Greetings dear readers! We continue our series of instructive posts with some special recommendations for developers using Balancer V1 integration.
We believe there is no one who doubts that the basis of any secure integration is a special approach to writing code. Consequently, this article will be focused only on those aspects that can be really useful for making your code safe and secure!
Check out our previous article:
First things first, we would like to express our heartfelt gratitude to the Balancer designers, everyone who supports it, the authors of all resource materials, and, of course, our in-team auditors who have assisted us by providing much-needed information and breaking the veil of secrecy!
In it, users can ultimately create pools using two or more crypto assets of their choice. Much like other notable AMMs, Balancer routes its trades through any liquidity pools needed to secure the best rates for users.
In other words, it allows users to instantly swap tokens and earn fees when they provide liquidity to different pools; various Web3 teams utilize it to integrate it to their own projects, and if done incorrectly, it can lead to attacks and losses of user’s funds, which should never be allowed!
In this article, we present tips that we have acquired from almost two years of auditing Balancer V1 integrations into DeFi protocols, you will also find a list of tools and research for self-study, we strongly recommend that you read it separately for better understanding.
Let’s get started! We hope you find today’s article informative and helpful!
Following the tips below can significantly improve the security of your integration:
The pool contract stores the fees percentage in a variable. This value should not be cached in order to save gas because the pool owner can alter it at any time!
However, if pool.getOwner() returns address(0), the pool commission is static.
It is highly inefficient if the integrating protocol only employs single swaps (Vault.swap). When integrating, the protocol should use batch swaps because they are generally cheaper than single swaps and open up more potential pairs — there is sometimes just no pool with two selected tokens.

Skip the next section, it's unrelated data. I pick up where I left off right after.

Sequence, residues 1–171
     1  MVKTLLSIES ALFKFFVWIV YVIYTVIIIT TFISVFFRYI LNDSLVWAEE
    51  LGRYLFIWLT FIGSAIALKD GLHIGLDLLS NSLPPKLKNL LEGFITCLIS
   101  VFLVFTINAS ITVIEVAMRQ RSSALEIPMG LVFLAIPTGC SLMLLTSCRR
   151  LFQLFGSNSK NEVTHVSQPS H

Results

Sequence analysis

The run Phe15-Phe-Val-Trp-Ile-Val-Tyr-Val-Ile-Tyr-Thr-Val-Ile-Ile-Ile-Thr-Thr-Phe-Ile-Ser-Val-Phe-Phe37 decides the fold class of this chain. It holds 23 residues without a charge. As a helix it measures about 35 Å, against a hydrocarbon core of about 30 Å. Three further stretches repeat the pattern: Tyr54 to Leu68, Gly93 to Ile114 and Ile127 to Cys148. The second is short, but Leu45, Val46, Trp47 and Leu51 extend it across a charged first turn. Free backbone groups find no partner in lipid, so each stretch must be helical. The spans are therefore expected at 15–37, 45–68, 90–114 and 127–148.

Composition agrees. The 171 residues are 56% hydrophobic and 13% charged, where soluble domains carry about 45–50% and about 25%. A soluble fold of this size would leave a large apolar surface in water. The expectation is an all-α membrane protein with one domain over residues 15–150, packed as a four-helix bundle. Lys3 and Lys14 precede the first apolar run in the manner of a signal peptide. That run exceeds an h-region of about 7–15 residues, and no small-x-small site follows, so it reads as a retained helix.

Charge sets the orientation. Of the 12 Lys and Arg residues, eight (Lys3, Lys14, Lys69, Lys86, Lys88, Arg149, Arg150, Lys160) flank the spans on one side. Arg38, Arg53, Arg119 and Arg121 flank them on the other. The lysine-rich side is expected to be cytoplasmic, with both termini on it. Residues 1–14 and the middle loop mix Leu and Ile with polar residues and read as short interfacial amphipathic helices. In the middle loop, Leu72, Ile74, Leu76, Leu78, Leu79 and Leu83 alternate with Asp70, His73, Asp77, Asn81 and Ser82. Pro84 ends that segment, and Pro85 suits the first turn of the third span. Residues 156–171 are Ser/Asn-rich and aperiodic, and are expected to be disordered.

For pools with TWAP functionality (Weighted2Tokens and MetaStablePool) you should not use pool.getLatest() function, because it relies on current reserves that are easily manipulated. Use pool.getTimeWeightedAverage() instead!
Vault Queries (queryBatchSwap, queryJoin, queryExit) cannot be used to calculate limits (maximum or minimum values) in the same transaction where swap (pool entry or exit) is executed, otherwise that transaction will be vulnerable to sandwich attack and query will return values based on the attacker transaction.
Furthermore, swap transactions from other users can influence the price (slippage) significantly, and querying in the same transaction with a swap will not protect against this!
When interacting with pools via Vault, bytes32 pool_id is passed — and it’s important to keep in mind that this is not the pool address, converted into bytes32. The on-chain id must be obtained via pool.getPoolId().
The weights of the tokens in a pool are scaled by 10¹⁸. As follows, a value of 0.8*10¹⁸ will be stored for a 80% weight. If there are any calculations with weights, you should not forget to divide by modifier 10¹⁸, if it is not reduced when dividing two weights.
When calculating the output value at a swap, the input value must include the pool fees. We would also suggest in this point to think about how to specify minReturn when calling the function (from which token the fee is taken, at what point, etc.)
We strongly advise you to review this list of fantastic tools and resources separately for a better understanding:
We hope that this article was informative and useful for you! Thank you for reading!
What instruments should we review? What would you be interested in reading about?
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Please leave your comments, we will be happy to answer them, and the best answers and questions may be included in the next article!